In 1780, the French emissary François Marbois circulated a set of twenty-three questions about the American continent. One set of answers to those questions became Jefferson’s only published book, the Notes on the State of Virginia. Most answers were lengthy, but that to question three was a single sentence: asked about seaports, Jefferson replied that Virginia had none “but our rivers and creeks.” Self-contained plantations lined the four great rivers of Virginia, and ocean-going vessels could ride right up to their landings and load tobacco.

These four waterways emptied into the superhighway of the Chesapeake Bay, which runs north sheltered from the Atlantic by two hundred miles of lowland known as Maryland’s “Eastern Shore.” Chesapeake Bay is the principal natural wonder on America’s eastern coast. It is so “nook-shotten” as to be cased in 4,000 miles of inner shoreline—though the eastern side’s shoreline is often more smudge than line, a wandering off into puddles, part of the Bay that forgets itself among the hard, remembering human types of the lower Eastern Shore.

The push of the tide up the Bay and into the rivers, the flush of rivers (fresh water and mud alike) back into the Bay, sets up a clash of temperatures and salinity, so that the Bay becomes a weave of ecosystems. These shift constantly according to season, state of the rivers, storms on the sea; and the shifts are further complicated by pollution, game control, and bacterial responses. An astonishing variety of water life—fish, crabs, clams, oysters, terrapin, eels, and Eastern Shore “watermen”—move about through this play of forces. It is the watermen’s job to know where crabs or clams will show up next, and the scientists’ job to explain why this happens. Even the human life along the shore is full of subsystems, each with its own language and crafts. The Bay has spawned different generations of Bay boat, suited to its peculiarities—the log sailing canoes, used from Indian times and still darting out from Poquoson, Virginia; various “skifts” and bugeyes; the scrambling “clam scrapers” (watermen say they’ll sail on a heavy dew); fast clippers that ran blockades in Revolutionary and slave-running days; the trim skipjacks that still dredge for oysters under sail.

When ports did become important on the Bay, they arose on the western shore (Norfolk, Annapolis, Baltimore) or up rivers that fed in from the west—Richmond on the James, Fredericksburg on the Rappahannock, Alexandria on the Potomac, and Harrisburg on the Bay’s ancestral river, the Susquehanna. The Eastern Shore was shoved aside by history, and remains more isolated than Maine in winter, eastern Tennessee, or West Virginia coal towns—other places with a dour and crusty independence.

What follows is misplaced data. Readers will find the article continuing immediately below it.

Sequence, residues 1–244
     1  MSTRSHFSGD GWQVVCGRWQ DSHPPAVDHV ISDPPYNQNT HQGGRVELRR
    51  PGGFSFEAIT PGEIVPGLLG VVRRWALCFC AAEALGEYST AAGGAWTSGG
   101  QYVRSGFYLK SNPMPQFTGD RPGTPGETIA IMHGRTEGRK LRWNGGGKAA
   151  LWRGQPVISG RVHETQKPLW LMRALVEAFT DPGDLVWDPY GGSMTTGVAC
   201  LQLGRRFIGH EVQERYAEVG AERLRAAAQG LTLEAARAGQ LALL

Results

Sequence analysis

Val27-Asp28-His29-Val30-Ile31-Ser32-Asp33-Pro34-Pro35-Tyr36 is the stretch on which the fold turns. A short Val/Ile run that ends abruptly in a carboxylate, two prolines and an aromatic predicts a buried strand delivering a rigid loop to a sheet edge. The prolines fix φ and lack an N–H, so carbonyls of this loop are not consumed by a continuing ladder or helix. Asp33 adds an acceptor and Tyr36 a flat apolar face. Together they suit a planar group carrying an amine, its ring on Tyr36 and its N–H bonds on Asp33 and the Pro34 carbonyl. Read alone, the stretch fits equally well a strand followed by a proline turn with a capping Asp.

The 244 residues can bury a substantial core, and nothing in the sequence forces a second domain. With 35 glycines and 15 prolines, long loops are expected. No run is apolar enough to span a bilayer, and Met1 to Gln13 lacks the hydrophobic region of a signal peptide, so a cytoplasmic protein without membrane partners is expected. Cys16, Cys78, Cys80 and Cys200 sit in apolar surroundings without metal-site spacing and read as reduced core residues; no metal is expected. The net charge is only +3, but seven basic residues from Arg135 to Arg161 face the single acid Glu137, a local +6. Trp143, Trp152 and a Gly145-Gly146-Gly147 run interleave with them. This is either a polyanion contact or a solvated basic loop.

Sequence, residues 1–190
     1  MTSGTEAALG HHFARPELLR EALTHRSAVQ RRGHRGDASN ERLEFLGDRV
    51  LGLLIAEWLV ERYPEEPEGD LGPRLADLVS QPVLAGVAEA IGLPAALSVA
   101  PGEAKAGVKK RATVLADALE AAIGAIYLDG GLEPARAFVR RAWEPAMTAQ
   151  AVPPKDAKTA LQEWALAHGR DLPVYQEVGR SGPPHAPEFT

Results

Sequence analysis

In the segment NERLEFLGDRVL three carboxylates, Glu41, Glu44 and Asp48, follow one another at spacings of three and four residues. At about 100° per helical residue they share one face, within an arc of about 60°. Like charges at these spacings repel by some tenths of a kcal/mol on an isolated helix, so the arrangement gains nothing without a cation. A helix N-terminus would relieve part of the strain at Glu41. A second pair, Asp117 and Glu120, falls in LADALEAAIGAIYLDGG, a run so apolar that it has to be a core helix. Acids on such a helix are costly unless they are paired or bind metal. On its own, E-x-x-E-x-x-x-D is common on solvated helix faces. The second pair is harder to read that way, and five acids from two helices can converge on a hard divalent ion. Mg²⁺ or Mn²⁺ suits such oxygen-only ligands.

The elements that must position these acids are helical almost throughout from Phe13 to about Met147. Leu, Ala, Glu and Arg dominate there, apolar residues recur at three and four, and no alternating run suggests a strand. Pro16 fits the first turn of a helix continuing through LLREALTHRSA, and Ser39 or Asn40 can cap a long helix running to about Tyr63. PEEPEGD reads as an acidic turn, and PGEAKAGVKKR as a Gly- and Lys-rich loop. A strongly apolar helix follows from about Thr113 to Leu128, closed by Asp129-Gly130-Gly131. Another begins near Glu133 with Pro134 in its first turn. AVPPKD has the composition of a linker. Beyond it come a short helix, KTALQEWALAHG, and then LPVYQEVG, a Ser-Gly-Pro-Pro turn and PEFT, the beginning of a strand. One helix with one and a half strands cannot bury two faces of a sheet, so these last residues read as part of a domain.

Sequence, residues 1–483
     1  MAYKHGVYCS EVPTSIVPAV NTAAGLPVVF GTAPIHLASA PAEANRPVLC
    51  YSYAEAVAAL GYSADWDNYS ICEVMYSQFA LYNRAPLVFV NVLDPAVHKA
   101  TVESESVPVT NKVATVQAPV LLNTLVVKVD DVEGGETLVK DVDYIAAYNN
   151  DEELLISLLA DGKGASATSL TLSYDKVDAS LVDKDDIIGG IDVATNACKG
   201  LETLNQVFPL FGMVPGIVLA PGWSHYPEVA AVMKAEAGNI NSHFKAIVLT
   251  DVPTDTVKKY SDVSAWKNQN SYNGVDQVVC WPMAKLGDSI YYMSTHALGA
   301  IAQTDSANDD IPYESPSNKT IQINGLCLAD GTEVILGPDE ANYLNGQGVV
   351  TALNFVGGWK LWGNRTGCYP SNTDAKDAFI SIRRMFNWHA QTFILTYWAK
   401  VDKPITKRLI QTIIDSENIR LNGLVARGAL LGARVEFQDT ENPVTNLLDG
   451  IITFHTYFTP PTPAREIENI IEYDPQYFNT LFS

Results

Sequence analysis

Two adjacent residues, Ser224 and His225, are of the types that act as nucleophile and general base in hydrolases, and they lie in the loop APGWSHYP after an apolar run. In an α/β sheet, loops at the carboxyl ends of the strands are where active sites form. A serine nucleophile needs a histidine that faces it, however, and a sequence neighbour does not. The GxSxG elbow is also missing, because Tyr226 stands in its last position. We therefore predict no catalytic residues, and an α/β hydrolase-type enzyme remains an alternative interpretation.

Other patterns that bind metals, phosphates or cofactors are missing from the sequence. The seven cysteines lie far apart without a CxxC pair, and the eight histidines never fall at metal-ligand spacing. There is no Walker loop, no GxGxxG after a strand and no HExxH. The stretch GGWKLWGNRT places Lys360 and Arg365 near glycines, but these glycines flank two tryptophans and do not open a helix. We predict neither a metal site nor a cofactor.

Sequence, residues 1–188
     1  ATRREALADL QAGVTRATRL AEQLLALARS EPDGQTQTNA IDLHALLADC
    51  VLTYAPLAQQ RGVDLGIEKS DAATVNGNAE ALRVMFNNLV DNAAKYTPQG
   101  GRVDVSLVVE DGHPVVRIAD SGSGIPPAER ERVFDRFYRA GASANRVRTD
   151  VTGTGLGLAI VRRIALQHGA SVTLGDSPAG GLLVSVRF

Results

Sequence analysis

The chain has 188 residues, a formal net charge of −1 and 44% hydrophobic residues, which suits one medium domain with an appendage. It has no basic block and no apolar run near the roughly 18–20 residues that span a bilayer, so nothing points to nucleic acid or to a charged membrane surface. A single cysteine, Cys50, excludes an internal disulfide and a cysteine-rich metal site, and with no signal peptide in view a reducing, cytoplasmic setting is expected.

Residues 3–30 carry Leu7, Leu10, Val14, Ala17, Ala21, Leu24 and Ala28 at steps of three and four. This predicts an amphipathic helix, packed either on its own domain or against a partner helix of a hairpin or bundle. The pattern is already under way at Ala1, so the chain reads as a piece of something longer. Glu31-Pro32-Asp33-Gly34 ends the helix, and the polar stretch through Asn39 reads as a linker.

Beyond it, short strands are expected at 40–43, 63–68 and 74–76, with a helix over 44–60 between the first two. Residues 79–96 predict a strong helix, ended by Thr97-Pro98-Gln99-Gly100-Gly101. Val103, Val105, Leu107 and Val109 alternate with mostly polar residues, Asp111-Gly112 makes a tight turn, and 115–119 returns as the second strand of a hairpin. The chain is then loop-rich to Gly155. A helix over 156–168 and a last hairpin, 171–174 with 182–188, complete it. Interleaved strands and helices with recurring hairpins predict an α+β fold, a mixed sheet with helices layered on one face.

A visit near Chestertown in Queen Annes Country offers much the same prospects now as it did when Thomas Lee Shippen went there in 1790 with Thomas Jefferson and James Madison:

At Rock Hall twelve miles from Chester town we waited all that day for want of a vessel to take us over, and I never knew two men more agreable than they were. We talked, and dined, and strolled, and rowed ourselves in boats, and feasted upon delicious crabs. (Boyd, Papers of Jefferson, 17.464)

Eighteenth-century mansions are still dotted about this part of the Shore.

The Bay deserves celebration, and it has received it in recent books—e.g., The Oystermen of the Chesapeake, by Robert de Gast (International Marine Publishing Company, 1970) and Beautiful Swimmers: Watermen, Crabs and the Chesapeake Bay, by William Warner (Atlantic Monthly/Little Brown, 1976). James Michener has stayed for years on the Eastern Shore of the Bay preparing his fictional celebration. Too bad. The Bay deserved better.

For one thing, the novel’s title is misleading. Michener does not write about the whole Bay but about its quirkiest (in some ways most interesting) part, the Eastern Shore. Nor is the distortion restricted to the title. Michener wants to make broad types of narrow exceptions. His book belongs to that genre of multi-generational Hollywood epic that is advertised as a triumph of the human spirit. We have all seen, many times, the movie this book will become. Its first set of young lovers ages fifty years in three hours by the addition of grease-paint lines to their foreheads and white powder to their hair. By the end the original couple, still intact, will care for the grandchildren while the second generation sows its wild oats. We know the sons and daughters will age prettily into reunited grandparents by the picture’s end. And there is ample material in Michener’s 850 pages for Chesapeake II. Maybe even III.

The principal families in this chronicle are the Catholic Steeds, the Quaker Paxmores, and the mainly irreligious Turlocks. Scions of all three families unite to fight the Revolution. The Quakers shame their neighbors on the issue of emancipation—after all, the “niggers” have shown they can work a skipjack’s sail and dredges. Later, a Paxmore goes to Germany and personally buys exit for Jews from Hitler. Another Paxmore finally plays a thinly disguised Richard Moore in the Water-gate affair.


Michener wants to give us an inspiring ethnic mix—the foxhole quotas out of a World War II movie. An Irish family moves to the Eastern Shore to hunt, Germans come to organize, and this narrow world becomes drearily typical, peopled only with types. The families squabble, fornicate, and pray; and their descendants huddle together in a symbolic storm as the “saga” ends.